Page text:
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Sci-Fi Undercover — Christopher Anvil / Kelly Freas

September 12, 2013

Title:  Pandora’s Planet (Unofficially Book 1 of Pandora’s Planet Series)

Listed Author:  Christopher Anvil [1925 – 2009] (wikipedia) — pseudonym used by Harry Christopher Crosby.

Original Publishing info:  DAW Books, 1972

Pages:  192

Cover Artist:  Kelly Freas [1922 – 2005] (official website) / (wikipedia)

[Link to larger image of cover]


          I decided to do something differently this time around–instead of giving the author sole billing in the preview post title, I’ve included the cover artist as well.  Though the goal of Sci-Fi Undercover is to bring attention to works and authors that may be out of print and out of mind, it’s the artist who dictates which book I read.  Especially after my recent and revealing Q & A session with illustrator David B. Mattingly, I will try to paint a fuller picture of the novel.

Unfortunately, this time, there is no chance at a Q & A since both artist and author have passed away.  I encourage you to visit the website of artist Kelly Freas listed above–he enjoyed an incredibly distinguished career and a lot of his artwork is on sale.  Besides being elected to the Science Fiction Hall of Fame (which is a real thing and I now have to go), Freas has won the Hugo Award for Best Artist eleven times.

I couldn’t find the cover to Pandora’s Planet on sale, which is a shame because:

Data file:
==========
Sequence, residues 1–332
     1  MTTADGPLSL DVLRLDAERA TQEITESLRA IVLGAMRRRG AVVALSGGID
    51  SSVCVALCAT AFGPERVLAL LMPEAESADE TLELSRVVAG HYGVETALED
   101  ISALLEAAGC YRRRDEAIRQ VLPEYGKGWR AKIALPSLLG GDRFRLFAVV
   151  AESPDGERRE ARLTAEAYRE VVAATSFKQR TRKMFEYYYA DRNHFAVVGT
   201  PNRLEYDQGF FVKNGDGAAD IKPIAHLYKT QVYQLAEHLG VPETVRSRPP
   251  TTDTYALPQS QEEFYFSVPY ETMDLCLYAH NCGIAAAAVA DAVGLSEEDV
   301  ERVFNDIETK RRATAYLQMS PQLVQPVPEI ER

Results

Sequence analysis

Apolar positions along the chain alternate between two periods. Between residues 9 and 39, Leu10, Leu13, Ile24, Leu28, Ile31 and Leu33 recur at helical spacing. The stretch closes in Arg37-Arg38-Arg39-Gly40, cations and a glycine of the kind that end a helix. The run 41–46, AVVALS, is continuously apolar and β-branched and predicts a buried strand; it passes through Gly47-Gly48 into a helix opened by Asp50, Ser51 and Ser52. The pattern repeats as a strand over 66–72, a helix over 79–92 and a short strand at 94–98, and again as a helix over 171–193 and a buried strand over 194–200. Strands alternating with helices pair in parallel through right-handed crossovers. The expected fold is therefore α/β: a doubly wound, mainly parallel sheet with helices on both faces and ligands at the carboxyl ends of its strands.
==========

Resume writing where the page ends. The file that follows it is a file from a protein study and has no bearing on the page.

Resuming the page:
•  there’s a beat-up, dour lion holding an automatic weapon

•  there’s a beautifully seductive human opening Pandora’s Box

•  and these two images are the most concise explanation of the entire plot of the book


•  I’m pretty sure Karl Marx’s face appears on the right side, along with other famous people that I can’t place (yet)

Karl Marx fits with the story, too.  After I realized Pandora’s Planet was the book for me, (it only took one glance at the lion-man-WWII era depressed alien), I read the back cover.  An excerpt:

“. . . [Earth] surrendered and decided to give their leonine conquerors everything humans could wholeheartedly grant.  So they exported installment payments, loan sharks, communism, fascism, planned obsolescence, food fads, religious cults, and all the other delights we are so accustomed to on our home world.”

          Where are the grotesque aliens?  The space ships and laser guns?  Where is mention of the lone hero, and the impossible odds he must overcome?  Am I really going to read a novel about bureaucracy and American culture–about administrative management?  The answer is yes, and after now having read the first 50 pages, I’m happy with my choice.  Pandora’s Planet is not your typical 70s Sci-Fi story–it focuses on the aftermath of a defeated Earth, the stubbornness of man, and the viral nature of our culture.  The cultures of Earth ARE incredibly infectious, and when viewed from the perspective of ignorant aliens–incredibly dangerous.  There are enough similarities to Harry Turtledove’s alternate history series Tilting the Balance to keep me intrigued.   The war is over . . . or has it just begun?

         Check back later to learn what exactly was in Pandora’s Box, and find out if it was too much for our unfortunate large-cat invaders.  I don’t think I’ve ever been so excited to read about office drudgery and economic theory–as viewed by aliens.

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